So here we have, at long last, the key to the mystery of the modern inflationary process. It is a process of continually expanding the money supply through continuing Fed purchases of government securities on the open market. Let the Fed wish to increase the money supply by $6 billion, and it will purchase government securities on the open market to a total of $1 billion (if the money multiplier of demand deposits/reserves is 6:1) and the goal will be speedily accomplished.

The monetary history of this century has been one of repeated loosening of restraints on the State’s propensity to inflate, the removal of one check after another until now the government is able to inflate the money supply, and therefore prices, at will.

There is, of course, a crucial difference between gold and Federal Reserve Notes. The government cannot create new gold at will. Gold has to be dug, in a costly process, out of the ground. But Federal Reserve Notes can be issued at will, at virtually zero cost in resources. In 1933, the United States government removed the gold restraint on its inflationary potential by shifting to fiat money: to making the paper dollar itself the standard of money, with government the monopoly supplier of dollars. It was going off the gold standard that paved the way for the mighty U.S. money and price inflation during and after World War II.


There is no reason to expect boom-bust cycles in the overall economy. In fact, there is reason to expect just the opposite; for usually the free market works smoothly and efficiently, and especially with no massive cluster of error such as becomes evident when boom turns suddenly to bust and severe losses are incurred. And indeed, before the late eighteenth century there were no such overall cycles.

The depression is the process by which the market economy adjusts, throws off the excesses and distortions of the inflationary boom, and reestablishes a sound economic condition. The depression is the unpleasant but necessary reaction to the distortions and excesses of the previous boom. The depression is the painful but necessary process by which the free market rids itself of the excesses and errors of the boom and reestablishes the market economy in its function of efficient service to the mass of consumers.

What then are the policy conclusions that arise rapidly and easily from the Austrian analysis of the business cycle? They are the precise opposite from those of the Keynesian establishment. For, since the virus of distortion of production and prices stems from inflationary bank credit expansion, the Austrian prescription for the business cycle will be:

First, if we are in a boom period, the government and its banks must cease inflating immediately. It is true that this cessation of artificial stimulant will inevitably bring the inflationary boom to an end, and will inaugurate the inevitable recession or depression. But the longer the government delays this process, the harsher the necessary readjustments will have to be. For the sooner the depression readjustment is gotten over with, the better. This also means that the government must never try to delay the depression process; the depression must be allowed to work itself out as quickly as possible, so that real recovery can begin. This means, too, that the government must particularly avoid any of the interventions so dear to Keynesian hearts. It must never try to prop up unsound business situations; it must never bail out or lend money to business firms in trouble. For doing so will simply prolong the agony and convert a sharp and quick depression phase into a lingering and chronic disease. The government must never try to prop up wage rates or prices, especially in the capital goods industries; doing so will prolong and delay indefinitely the completion of the depression adjustment process.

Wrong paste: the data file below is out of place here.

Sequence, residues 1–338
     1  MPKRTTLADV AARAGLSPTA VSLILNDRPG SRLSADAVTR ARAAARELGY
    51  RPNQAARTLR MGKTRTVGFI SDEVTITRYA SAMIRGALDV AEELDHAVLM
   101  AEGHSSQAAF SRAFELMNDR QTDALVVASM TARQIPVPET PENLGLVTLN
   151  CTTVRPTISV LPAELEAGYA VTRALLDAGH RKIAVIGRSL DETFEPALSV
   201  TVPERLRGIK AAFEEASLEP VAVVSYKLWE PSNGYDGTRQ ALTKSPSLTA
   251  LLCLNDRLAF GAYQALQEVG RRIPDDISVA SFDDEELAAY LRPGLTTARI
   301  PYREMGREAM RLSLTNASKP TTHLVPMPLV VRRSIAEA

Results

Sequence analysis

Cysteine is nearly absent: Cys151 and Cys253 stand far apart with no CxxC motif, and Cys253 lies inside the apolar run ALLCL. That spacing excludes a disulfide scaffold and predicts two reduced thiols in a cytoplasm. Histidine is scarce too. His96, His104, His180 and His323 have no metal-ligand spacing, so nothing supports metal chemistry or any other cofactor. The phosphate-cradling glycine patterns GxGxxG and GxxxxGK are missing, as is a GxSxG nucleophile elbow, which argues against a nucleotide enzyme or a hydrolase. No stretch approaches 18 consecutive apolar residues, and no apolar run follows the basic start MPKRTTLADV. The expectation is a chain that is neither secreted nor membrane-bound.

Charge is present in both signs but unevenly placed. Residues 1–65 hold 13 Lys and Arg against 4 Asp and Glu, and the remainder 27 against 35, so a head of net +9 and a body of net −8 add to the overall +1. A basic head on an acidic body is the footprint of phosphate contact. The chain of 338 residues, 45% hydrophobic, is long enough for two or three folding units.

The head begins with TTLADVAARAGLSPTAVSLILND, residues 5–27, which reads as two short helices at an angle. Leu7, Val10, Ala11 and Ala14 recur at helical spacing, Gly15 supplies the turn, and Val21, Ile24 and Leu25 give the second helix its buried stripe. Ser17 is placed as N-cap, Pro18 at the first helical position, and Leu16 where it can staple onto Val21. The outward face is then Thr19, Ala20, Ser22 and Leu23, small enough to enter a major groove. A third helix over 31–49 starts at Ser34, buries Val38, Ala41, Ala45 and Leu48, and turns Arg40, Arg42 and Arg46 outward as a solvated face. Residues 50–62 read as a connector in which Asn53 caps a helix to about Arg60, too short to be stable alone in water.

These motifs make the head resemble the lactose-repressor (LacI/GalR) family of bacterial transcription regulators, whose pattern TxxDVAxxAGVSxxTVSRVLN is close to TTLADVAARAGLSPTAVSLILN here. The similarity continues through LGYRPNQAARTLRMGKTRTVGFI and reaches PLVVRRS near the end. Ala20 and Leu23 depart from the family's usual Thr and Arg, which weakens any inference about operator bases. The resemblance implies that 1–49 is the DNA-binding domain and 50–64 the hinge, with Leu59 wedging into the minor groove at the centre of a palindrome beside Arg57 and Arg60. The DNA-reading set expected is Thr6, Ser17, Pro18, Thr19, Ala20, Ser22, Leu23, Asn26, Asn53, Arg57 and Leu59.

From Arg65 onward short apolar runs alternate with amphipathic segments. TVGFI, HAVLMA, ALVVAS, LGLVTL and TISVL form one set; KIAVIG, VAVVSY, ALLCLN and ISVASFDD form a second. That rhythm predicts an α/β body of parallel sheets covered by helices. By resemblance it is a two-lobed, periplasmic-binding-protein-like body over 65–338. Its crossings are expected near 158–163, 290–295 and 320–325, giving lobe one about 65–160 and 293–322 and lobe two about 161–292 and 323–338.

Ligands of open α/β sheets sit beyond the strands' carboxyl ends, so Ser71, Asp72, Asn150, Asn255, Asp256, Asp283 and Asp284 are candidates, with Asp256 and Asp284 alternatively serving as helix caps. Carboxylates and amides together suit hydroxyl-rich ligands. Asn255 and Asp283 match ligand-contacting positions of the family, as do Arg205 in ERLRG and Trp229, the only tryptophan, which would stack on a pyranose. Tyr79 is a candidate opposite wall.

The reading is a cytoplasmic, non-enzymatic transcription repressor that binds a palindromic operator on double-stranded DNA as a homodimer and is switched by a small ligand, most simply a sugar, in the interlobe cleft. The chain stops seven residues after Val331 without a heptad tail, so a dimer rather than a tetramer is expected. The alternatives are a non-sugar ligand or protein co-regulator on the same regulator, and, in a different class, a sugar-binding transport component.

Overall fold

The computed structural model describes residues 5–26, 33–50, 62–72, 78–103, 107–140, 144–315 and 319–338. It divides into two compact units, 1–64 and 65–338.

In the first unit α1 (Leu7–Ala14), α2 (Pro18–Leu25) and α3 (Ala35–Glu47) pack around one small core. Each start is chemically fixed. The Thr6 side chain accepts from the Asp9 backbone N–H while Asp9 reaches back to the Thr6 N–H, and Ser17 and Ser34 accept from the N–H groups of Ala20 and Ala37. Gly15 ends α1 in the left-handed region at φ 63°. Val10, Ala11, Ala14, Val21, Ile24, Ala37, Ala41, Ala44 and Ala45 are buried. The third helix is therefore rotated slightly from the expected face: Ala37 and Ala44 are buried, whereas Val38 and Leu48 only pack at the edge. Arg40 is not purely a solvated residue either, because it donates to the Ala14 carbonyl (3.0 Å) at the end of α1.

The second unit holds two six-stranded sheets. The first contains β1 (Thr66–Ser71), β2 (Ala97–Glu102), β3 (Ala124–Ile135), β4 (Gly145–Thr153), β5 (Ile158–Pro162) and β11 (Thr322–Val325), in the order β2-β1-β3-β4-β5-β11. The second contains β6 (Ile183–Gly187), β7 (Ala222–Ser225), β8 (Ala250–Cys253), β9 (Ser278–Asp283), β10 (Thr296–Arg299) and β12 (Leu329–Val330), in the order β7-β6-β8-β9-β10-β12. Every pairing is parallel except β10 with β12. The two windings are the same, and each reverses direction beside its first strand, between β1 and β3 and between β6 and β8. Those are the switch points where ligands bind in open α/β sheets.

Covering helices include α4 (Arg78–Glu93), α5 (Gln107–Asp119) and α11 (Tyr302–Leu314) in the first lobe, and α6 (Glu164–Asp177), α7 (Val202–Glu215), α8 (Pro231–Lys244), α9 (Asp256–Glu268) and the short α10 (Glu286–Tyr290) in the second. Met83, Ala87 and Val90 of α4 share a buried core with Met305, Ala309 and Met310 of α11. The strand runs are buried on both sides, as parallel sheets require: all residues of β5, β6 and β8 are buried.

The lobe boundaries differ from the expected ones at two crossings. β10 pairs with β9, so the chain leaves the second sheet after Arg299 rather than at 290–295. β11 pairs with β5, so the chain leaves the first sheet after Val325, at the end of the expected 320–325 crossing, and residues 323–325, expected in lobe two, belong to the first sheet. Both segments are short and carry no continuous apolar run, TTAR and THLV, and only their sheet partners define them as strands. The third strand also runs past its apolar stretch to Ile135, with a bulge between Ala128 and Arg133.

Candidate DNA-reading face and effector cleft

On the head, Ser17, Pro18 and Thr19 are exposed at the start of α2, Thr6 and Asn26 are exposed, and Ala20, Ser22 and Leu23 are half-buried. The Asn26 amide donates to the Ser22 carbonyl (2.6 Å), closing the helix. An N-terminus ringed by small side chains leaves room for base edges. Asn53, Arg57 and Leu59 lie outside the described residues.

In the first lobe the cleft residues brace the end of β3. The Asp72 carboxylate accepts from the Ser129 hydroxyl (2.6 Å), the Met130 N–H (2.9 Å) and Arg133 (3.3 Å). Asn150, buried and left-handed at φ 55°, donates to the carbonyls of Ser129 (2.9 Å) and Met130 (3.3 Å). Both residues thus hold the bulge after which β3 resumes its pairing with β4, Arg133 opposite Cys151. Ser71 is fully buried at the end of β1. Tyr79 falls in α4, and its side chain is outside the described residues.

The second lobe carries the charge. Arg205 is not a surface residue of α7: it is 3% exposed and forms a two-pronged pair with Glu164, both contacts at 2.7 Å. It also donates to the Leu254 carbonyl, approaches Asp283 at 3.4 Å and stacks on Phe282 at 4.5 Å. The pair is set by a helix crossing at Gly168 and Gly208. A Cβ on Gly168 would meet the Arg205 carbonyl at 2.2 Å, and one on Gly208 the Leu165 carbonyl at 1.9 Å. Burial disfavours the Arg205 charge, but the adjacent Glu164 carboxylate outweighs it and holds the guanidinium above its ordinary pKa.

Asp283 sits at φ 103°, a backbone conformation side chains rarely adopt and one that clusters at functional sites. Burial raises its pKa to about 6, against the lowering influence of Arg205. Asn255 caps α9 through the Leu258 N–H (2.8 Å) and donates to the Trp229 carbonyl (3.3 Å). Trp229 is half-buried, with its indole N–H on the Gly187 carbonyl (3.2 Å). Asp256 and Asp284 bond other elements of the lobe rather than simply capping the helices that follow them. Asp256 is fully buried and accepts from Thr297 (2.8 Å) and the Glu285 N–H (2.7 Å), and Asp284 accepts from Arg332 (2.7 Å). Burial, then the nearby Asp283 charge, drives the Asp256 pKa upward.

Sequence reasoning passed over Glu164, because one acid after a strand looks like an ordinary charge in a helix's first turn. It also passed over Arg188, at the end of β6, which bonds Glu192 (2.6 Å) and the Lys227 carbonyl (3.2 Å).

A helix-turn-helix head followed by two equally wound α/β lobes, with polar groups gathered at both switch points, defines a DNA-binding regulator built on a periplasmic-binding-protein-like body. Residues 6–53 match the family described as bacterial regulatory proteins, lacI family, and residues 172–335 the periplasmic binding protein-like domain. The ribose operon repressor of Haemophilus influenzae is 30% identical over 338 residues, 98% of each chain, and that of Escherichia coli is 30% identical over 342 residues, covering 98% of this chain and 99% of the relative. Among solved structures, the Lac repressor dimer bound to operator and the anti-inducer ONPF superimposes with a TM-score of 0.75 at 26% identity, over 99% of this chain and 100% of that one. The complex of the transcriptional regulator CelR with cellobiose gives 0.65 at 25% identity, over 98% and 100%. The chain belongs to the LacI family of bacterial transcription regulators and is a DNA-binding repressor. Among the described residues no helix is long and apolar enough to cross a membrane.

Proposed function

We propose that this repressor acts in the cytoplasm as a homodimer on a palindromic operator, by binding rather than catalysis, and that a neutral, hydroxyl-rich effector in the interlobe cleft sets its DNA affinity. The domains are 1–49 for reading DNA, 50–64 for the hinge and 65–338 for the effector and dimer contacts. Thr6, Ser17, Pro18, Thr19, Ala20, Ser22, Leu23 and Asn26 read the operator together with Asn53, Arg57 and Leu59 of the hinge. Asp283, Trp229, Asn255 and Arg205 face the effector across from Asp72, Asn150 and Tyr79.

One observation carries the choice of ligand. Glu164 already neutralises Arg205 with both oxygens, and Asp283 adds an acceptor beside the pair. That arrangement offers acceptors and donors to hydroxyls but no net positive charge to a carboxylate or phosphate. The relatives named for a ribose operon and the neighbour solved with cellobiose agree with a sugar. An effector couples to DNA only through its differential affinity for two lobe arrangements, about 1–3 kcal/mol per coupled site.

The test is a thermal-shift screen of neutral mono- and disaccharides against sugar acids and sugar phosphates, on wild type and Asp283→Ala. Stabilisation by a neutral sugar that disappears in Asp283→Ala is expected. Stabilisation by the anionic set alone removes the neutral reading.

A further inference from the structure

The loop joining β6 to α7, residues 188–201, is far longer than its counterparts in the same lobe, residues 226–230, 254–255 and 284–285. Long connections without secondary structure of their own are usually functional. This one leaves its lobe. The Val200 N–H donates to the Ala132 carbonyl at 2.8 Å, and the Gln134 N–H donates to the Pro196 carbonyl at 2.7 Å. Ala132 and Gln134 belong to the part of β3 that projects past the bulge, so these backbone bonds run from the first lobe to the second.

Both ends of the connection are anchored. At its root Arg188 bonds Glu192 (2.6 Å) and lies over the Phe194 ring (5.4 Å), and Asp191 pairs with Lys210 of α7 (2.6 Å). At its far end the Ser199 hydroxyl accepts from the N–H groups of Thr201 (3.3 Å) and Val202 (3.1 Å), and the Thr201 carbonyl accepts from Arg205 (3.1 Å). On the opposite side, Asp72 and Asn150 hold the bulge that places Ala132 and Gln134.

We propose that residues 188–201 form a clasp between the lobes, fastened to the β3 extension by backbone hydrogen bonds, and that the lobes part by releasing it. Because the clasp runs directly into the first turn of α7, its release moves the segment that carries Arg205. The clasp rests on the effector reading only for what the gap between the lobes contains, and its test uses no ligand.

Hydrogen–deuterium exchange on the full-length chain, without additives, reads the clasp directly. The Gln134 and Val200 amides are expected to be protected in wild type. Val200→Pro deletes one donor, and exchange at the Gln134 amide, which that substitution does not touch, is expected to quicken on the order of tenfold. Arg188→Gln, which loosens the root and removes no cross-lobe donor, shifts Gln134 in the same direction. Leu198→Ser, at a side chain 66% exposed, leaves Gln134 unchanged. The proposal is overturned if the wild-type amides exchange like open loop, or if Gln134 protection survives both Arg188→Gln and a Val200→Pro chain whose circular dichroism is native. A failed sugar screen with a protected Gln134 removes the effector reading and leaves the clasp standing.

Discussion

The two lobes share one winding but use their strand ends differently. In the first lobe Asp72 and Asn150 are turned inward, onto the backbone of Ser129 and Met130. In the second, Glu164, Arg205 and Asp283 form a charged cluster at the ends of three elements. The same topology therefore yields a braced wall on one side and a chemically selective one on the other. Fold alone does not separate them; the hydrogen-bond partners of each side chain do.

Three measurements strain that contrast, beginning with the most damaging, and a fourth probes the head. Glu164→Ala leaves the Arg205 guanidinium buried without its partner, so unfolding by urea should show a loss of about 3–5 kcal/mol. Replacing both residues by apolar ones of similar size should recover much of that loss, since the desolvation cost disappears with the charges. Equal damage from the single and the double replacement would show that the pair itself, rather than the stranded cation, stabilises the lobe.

The government must not try to inflate again in order to get out of the depression. For even if this reinflation succeeds (which is by no means assured), it will only sow greater trouble and more prolonged and renewed depression later on. The government must do nothing to encourage consumption, and it must not increase its own expenditures, for this will further increase the social consumption/investment ratio—when the only thing that could speed up the adjustment process is to lower the consumption/savings ratio so that more of the currently unsound investments will become validated and become economic.

Thus, what the government should do, according to the Austrian analysis of the depression and the business cycle, is absolutely nothing. It should stop its own inflating, and then it should maintain a strict hands-off, laissez-faire policy. Anything it does will delay and obstruct the adjustment processes of the market; the less it does, the more rapidly will the market adjustment process do its work and sound economic recovery ensue.


Government, in the United States and elsewhere, for centuries and seemingly from time immemorial has been supplying us with certain essential and necessary services, services which nearly everyone concedes are important: defense (including army, police, judicial, and legal), firefighting, streets and roads, water, sewage and garbage disposal, postal service, etc. So identified has the State become in the public mind with the provision of these services that an attack on State financing appears to many people as an attack on the service itself. Thus if one maintains that the State should not supply court services, and that private enterprise on the market could supply such service more efficiently as well as more morally, people tend to think of this as denying the importance of courts themselves.